Using Power of Reading to carry a developing curriculum
An outstanding curriculum must develop the ‘whole’ person: it must give each pupil the knowledge, skills, understanding and attitudes to be successful both now and in later life. I have used the CLPE's Power of Reading training to embed this ethos within Ronald Ross Primary School: a one form entry, deprived status school in SW London with a high number of EAL children. The Power of Reading has helped us create a broad and balanced curriculum, with clear progression in subject-based skills and knowledge. It has shown us that a great text can carry a developing curriculum.
The Power of Reading has inspired my teachers to embrace teaching creatively, to stop teaching in a linear fashion, and to think about the ways in which they can enhance higher order thinking across different subject areas as well as in reading, writing and the spoken word. Through the creative teaching approaches recommended by the Power of Reading, my pupils have learnt new ways of communicating (drama); applied the new to what they know (inference); learnt without the pressure of learning (discussions); have been stimulated by working with new classmates; had the opportunity to express themselves and explored emotions and motivations through role playing.
At Ronald Ross, we value engaging our readers in a variety of ways to excite them and broaden their horizons in terms of experience and empathy with others. Rich texts recommended by the CLPE like The Journey by Francesca Sanna, The Adventures of Odysseus by Hugh Lupton and Daniel Morden, Moth by Isabel Thomas and Daniel Egnéus, and Shackleton’s Journey by William Grill, have allowed children to see different points of views, have a less rigid view of the world and the people in it and they have been able to do this while deepening their understanding and imagining of characters and events. This has then extended to their reading and writing.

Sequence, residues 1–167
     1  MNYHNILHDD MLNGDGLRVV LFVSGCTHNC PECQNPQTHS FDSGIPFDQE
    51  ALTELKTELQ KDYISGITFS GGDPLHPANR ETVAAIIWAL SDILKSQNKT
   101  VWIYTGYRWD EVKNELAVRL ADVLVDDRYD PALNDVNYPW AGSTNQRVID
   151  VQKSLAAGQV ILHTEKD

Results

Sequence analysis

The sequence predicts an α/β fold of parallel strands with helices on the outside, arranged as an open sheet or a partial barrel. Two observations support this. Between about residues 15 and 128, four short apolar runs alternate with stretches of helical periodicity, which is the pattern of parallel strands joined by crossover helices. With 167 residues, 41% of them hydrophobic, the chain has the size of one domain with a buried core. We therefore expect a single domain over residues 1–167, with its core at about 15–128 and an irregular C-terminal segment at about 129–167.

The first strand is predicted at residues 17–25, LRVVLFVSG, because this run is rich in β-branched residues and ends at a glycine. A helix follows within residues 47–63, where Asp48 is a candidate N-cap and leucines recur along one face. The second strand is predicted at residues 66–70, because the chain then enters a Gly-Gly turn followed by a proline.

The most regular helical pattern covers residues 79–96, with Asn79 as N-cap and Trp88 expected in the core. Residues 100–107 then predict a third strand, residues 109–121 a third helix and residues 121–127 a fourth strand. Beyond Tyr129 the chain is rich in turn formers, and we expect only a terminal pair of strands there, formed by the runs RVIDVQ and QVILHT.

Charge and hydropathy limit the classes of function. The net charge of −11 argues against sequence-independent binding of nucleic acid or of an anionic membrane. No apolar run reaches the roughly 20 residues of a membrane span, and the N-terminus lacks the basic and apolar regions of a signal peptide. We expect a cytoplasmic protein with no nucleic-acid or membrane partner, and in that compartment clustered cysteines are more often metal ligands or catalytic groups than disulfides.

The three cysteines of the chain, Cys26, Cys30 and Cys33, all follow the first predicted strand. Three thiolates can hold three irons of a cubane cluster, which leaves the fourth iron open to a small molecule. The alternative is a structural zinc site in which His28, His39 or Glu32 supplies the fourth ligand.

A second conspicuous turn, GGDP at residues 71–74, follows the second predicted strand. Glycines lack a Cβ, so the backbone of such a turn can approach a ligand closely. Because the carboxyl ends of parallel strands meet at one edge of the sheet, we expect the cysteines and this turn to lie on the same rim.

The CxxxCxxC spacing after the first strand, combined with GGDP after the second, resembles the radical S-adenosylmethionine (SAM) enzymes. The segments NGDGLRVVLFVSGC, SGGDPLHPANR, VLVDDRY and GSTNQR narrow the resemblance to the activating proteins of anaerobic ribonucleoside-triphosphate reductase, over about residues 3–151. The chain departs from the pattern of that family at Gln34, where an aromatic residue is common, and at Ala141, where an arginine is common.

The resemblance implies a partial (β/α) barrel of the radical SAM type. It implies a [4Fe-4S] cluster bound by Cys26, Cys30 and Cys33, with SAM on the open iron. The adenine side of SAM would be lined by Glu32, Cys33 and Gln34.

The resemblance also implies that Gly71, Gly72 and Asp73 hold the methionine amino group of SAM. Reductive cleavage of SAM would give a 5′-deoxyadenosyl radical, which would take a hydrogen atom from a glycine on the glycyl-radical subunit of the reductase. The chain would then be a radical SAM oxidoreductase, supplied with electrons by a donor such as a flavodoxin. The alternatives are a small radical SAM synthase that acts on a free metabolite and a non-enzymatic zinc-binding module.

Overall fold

I have also made it a mission to really develop and explore language and vocabulary this year as we have many pupils with EAL. Stories the class can read aloud support these students. By fully engaging in the interests of the children in my class, I have explored vocabulary and introduced vocabulary walls. As a SIP said to us recently, if children are engaged in a text, they need to know what happens in the story and to know what the unknown word means. The walls have helped my students direct their own learning, while the high-quality books have clearly supported our pupils become motivated and engaged readers.
In an uncertain jobs market, we need to prepare our children for an uncertain future. Our pupils need to be able to adapt and to think outside the box: they must be able to seize opportunities with confidence and to have the intellectual tools with which to do so. This means providing children with a depth of learning – not just of the facts but with the ability to put those facts in context. We can do this by teaching in a creative way: by being flexible and responsive to individual needs and interests. The Power of Reading has helped place reading at the core of the curriculum, encouraging each child to take risks, giving them room to explore the full range of their abilities and interests. It has emphasised the importance, and value, of learning to read and how to do it well. By embracing the Power of Reading and quality texts, all children have become capable of driving their learning forward. I believe our school curriculum now has a local, national and international dimension to it, with an eye on the future and the future needs of our pupils, with creativity at its centre and with reading at its heart.